January 30, 2008

A few entries ago I tried to compare multitabling to video and computer games. While I was working on it something clicking in the back of my mind but I didn’t quite have access to it at the time. Now I remember what it was.

There was a very simple DOS game that I played, and played a lot. It was a shareware game called Islewars. Something like a simple Risk game, you had to try to take over control of countries on various continents and islands. To do so, you would wage war against neighboring countries using the armies you had in that country against how ever many your opponent had in the defending country. The defenders always had a slight mathematical advantage, and each round you received bonus armies for the total number of countries you controlled plus extra for any entire continents or islands that you controlled.

The startup options included 1) how many randomly placed countries you would control at the beginning, and 2) how many armies might be on any country. In other words, you could say you wanted 11 countries and the range of starting armies would be 1-5 per country. The number of countries any of your three computer opponents would have and the exact number of armies on any one country was random so you might start out in good shape, or one of the computer players might start out very strong.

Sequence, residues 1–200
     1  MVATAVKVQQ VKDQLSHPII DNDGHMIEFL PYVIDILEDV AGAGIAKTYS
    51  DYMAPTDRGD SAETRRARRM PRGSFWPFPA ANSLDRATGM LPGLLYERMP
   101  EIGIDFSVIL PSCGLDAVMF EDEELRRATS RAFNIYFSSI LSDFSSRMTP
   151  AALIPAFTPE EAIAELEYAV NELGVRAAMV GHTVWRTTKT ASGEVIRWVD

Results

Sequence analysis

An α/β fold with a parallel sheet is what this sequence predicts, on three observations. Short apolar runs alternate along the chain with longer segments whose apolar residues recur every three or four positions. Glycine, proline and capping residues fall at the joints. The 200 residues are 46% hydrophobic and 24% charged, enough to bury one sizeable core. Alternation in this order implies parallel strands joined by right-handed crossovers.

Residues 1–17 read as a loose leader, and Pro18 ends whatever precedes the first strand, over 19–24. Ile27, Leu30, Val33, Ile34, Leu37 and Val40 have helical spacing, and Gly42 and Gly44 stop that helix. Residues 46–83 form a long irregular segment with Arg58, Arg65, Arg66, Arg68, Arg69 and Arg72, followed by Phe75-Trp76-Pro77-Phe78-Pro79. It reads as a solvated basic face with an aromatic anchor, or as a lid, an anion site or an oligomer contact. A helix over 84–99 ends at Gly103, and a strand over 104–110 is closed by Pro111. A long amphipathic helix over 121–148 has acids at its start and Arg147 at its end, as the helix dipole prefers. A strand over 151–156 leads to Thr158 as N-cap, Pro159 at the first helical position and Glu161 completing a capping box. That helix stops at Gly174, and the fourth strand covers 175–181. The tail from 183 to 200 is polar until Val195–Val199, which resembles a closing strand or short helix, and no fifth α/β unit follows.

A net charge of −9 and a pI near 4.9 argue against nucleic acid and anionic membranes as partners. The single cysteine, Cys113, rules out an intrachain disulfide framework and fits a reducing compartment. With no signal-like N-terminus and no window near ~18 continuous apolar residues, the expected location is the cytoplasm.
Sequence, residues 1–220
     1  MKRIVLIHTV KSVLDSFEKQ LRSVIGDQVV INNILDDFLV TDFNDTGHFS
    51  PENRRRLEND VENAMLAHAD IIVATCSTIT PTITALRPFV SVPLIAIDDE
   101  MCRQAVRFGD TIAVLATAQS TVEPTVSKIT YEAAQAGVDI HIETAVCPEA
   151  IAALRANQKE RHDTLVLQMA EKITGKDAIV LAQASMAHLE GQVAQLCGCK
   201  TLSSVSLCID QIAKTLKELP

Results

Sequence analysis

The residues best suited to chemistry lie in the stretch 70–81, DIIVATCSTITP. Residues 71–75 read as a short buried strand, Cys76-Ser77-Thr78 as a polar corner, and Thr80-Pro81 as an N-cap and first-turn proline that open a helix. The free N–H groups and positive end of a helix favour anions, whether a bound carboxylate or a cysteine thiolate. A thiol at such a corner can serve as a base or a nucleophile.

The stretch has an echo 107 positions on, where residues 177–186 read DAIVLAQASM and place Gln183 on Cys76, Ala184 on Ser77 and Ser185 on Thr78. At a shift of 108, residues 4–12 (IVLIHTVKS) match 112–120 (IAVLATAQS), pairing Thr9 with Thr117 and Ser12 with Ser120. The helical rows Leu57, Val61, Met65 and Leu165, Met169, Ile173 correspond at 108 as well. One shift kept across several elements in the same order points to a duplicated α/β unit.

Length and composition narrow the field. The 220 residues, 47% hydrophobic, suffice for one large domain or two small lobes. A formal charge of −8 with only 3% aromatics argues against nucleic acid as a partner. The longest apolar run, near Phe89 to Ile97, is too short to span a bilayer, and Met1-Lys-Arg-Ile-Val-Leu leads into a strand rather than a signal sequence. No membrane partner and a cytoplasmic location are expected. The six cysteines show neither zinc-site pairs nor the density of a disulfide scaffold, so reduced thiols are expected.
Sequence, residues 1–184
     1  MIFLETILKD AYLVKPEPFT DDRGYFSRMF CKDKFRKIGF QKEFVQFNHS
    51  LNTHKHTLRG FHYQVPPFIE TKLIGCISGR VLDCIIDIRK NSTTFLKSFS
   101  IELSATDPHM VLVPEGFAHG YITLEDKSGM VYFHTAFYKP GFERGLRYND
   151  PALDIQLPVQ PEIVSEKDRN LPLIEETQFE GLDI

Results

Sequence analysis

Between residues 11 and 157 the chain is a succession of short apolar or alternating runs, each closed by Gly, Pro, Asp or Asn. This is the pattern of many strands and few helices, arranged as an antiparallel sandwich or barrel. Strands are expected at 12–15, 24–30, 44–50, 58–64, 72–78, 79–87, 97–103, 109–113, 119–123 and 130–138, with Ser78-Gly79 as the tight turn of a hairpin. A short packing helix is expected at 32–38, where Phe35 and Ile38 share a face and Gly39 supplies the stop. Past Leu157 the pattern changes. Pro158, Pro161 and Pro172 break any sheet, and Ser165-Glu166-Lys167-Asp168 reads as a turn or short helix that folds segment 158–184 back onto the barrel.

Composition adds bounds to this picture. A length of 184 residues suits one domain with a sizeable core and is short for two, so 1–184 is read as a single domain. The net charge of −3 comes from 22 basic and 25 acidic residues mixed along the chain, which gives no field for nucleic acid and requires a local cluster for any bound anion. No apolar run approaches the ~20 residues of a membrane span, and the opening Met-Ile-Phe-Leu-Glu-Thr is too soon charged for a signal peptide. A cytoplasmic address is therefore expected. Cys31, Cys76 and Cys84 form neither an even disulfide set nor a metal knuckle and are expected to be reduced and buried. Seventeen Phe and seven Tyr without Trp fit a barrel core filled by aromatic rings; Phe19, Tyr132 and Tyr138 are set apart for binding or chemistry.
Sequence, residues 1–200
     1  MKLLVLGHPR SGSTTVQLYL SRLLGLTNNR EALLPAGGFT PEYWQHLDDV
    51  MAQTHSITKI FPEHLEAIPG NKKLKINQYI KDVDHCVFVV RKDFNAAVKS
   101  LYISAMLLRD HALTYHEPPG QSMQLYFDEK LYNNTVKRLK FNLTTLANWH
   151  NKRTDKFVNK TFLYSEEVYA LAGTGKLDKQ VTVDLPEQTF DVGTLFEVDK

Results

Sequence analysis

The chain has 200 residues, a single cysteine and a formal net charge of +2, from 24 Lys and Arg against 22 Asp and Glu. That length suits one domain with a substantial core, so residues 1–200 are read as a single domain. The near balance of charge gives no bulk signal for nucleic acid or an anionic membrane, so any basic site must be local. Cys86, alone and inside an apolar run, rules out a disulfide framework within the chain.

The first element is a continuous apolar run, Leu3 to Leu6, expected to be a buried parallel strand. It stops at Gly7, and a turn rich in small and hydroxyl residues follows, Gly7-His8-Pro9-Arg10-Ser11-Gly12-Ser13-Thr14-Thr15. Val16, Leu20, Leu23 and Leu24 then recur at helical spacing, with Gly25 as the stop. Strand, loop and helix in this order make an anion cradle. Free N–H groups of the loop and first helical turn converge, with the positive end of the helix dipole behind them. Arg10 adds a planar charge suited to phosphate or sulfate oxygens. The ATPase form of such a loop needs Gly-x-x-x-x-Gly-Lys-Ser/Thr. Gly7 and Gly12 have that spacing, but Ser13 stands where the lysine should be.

It was fun, and I played a lot of games of it. There was strategy involved, adapting to various situations, adapting to changing situations, planning, attacking, shoring up defences, anticipating the other players moves, looking for vulnerable points, keeping an eye on the strengths and battles of the opponents and trying to keep the overall balance of power even between the computer opponents which would allow me to slowly build up my resources until I was ready to challenge. Because of the level I chose to play at, I almost always started out with the fewest starting countries and armies so I needed to target takeovers of small islands to be able to collect more bonus armies and gradually catch up.

There were a few aspects of it that made it fun for me. One is that because of the level that I played at I always started at a disadvantage. However, because I could understand the computer opponent’s choices I could often keep them under control while I made faster progress by knowing how to target appropriate islands. The predictability of the programming made it possible for me to win 60% of the games even after starting at a disadvantage and that combination of winning percentage combined with always starting at a disadvantage made me feel like I knew what I was doing.

Now, if I could only do this at poker!

Mind you, if I play at low enough levels, I probably could. The $1 STTs still pay me more than the rake, but I want to be doing this at $25NL.


Later Edit: People seem to still search for “Islewars”. If you’ve played this, let me know. I’d love to hear from other Islewars players!


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